Types of Smooth Hydrangea

Other cultivars of Hydrangea arborescens include:

  • Incrediball Blush Hydrangea, with the same features as the original Incrediball but the flowers are blush-pink and change to green as they mature
  • H. arborescens 'Annabelle' with pure white, large flower heads
  • H. arborescens 'Haas' Halo' with very large lace-cap white flowers on upright stems that provide easy access to pollinators, making it a preferred pollinator plant
  • H. arborescens 'Hayes Starburst' with rounded, dome-shaped, white to greenish-white flower heads, reaching only 2 to 4 feet in height.


Smooth-leaf hydrangeas (Hydreangea arborescens), including Invincibelle Spirit, another variety inspired by Annabelle, bloom on new wood. Incrediball blooms between June and August. Consequently, the question of when to prune is greatly simplified because there is no issue of losing flower buds that formed on old wood, or the prior year's growth. For the same reason, flower buds won't be killed during a cold winter.

Prune Incrediball hydrangea plants by one-third its height in early spring, just as new growth starts to emerge. Depending on your preference, you can make pruning cuts right down to the ground in fall, as new shoots will be generated. Most gardeners opt for an early-spring pruning, taking advantage of the visual interest the dried flower heads add to the fall yard. Because the flower heads consist mainly of tough sepals, they persist right through autumn, although the color does fade to tan. These are often used in dried arrangements.

Propagating Incrediball Hydrangea

The cultivar is a registered trademark and propagating it by cuttings or seeds is prohibited by a plant patent.

Common Diseases

Hydrangeas aren't susceptible to serious pests or diseases, but they can fall prey to common complaints such as the occasional powdery mildew. If it crops up and the problem is serious, treat the plant with a fungicide and destroy all the fallen foliage during the autumn months.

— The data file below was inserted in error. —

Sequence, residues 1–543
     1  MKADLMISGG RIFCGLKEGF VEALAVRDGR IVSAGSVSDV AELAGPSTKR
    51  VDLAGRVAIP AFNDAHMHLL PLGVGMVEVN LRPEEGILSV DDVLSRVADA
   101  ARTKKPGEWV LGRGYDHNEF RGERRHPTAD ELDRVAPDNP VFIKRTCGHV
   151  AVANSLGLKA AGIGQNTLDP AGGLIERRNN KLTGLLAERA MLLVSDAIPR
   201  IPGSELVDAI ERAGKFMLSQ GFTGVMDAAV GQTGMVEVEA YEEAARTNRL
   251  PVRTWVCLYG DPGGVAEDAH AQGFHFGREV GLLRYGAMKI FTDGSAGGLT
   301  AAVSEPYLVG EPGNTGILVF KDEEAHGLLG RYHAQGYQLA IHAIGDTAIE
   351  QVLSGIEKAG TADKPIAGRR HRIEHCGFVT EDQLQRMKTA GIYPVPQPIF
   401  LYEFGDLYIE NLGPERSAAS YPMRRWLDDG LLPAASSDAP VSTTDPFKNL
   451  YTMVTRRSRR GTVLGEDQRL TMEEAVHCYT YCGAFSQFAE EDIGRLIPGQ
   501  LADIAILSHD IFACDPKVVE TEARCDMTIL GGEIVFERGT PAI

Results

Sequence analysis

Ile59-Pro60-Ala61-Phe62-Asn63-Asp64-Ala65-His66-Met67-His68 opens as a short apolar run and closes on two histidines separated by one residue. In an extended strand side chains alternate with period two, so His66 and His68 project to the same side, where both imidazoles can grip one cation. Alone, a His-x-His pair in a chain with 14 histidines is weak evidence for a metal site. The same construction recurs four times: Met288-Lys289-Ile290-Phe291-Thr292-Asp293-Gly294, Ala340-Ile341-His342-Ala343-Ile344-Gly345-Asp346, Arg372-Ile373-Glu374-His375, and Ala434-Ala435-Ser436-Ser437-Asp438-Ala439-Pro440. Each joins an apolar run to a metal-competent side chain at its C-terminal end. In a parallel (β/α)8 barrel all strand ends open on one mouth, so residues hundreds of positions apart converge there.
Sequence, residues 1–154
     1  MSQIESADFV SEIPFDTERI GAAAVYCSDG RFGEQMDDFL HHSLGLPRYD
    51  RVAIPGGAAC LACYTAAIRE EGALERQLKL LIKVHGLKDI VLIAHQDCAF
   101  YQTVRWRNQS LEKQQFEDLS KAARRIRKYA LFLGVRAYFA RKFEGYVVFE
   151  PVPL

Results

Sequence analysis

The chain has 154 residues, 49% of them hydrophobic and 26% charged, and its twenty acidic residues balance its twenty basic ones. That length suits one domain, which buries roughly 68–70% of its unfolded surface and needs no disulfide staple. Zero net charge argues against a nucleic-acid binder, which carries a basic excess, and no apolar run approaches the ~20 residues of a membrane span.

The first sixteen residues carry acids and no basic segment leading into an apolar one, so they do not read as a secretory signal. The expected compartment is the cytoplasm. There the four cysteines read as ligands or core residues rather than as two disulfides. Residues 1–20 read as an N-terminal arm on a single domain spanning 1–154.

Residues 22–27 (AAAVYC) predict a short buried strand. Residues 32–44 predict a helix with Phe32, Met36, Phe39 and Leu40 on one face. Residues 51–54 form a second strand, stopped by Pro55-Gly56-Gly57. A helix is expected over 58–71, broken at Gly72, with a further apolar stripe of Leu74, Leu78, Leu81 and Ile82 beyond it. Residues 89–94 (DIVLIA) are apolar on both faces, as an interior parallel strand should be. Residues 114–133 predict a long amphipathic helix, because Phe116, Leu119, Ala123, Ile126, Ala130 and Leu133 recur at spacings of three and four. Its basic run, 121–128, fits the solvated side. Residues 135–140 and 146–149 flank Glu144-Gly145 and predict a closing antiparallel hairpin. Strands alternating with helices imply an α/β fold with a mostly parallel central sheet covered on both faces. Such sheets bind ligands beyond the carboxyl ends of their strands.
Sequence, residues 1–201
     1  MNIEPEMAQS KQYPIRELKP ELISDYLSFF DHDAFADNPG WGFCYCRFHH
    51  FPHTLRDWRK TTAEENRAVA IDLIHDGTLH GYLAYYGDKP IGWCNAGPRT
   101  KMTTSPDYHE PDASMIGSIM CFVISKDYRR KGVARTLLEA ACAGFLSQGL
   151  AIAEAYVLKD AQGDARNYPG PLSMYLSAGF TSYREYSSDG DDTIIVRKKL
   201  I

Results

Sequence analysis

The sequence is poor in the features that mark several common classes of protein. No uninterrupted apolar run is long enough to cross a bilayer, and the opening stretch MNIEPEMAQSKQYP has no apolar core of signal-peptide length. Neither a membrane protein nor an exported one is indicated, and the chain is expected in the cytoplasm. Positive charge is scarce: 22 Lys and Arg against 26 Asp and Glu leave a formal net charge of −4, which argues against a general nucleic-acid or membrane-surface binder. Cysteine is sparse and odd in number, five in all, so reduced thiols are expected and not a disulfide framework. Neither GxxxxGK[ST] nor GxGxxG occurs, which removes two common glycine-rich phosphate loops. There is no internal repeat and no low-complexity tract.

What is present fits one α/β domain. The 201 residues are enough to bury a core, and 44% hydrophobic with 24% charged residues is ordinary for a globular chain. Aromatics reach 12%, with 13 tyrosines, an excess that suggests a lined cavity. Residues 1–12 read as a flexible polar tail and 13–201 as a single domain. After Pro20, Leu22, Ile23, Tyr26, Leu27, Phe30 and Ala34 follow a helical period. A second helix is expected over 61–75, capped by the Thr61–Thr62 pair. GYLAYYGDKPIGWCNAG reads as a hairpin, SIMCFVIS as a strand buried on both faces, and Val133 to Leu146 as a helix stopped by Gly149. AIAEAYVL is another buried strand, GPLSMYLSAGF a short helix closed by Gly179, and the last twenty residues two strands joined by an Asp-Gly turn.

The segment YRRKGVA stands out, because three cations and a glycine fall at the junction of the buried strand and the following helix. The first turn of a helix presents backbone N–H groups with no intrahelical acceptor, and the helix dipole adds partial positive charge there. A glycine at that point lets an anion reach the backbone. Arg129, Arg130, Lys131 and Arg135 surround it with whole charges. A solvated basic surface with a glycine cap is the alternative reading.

How to Get Incrediball Hydrangea to Bloom

Using the right fertilizer is crucial to get Incrediball hydrangea to bloom. The fertilizer should be high in phosphorus and not high in nitrogen, otherwise it leads to lush foliage only but no flowers.

The right amount of sunlight is equally important for blooming. If the hydrangea does not get enough sun (ideally 6 hours), it will not bloom as profusely as it should.

Another season for the failure to bloom is that you have accidentally removed the flower buds if you pruned too late or too much in spring. However, the plant blooms on new growth, so it may just take awhile to bloom. Wait with the pruning until after the first hard frost in the fall.

Lastly, the shrub might not be fully established yet and needs another year to display its full bloom.

  • Can I grow Incrediball hydrangea in a container?

    Given the size of the shrub of up to 5 feet, it would need to be a very large and heavy planter that does not topple over. This is usually not practical, therefore it's better to plant Incrediball hydrangea in the landscape.

  • Should I deadhead incrediball hydrangeas?

    Deadheading is not necessary, unless you want to remove the spent flowers for a neater appearance.

  • Do Incrediball hydrangeas stay white?

    The flowers start out white and gradually fade to a chartreuse green. The color change is a natural process and the result of less daylight hours as the summer progresses. Later in the season there is less energy from sunlight, which the flowers need to keep their color.

Article Sources
The Spruce uses only high-quality sources, including peer-reviewed studies, to support the facts within our articles. Read our editorial process to learn more about how we fact-check and keep our content accurate, reliable, and trustworthy.
  1. Hydrangea arborescens. NC State University Cooperative Extension.

  2. Toxic and Non-Toxic Plants: Hydrangea. ASPCA.

  3. Powdery Mildew. University of Illinois Extension.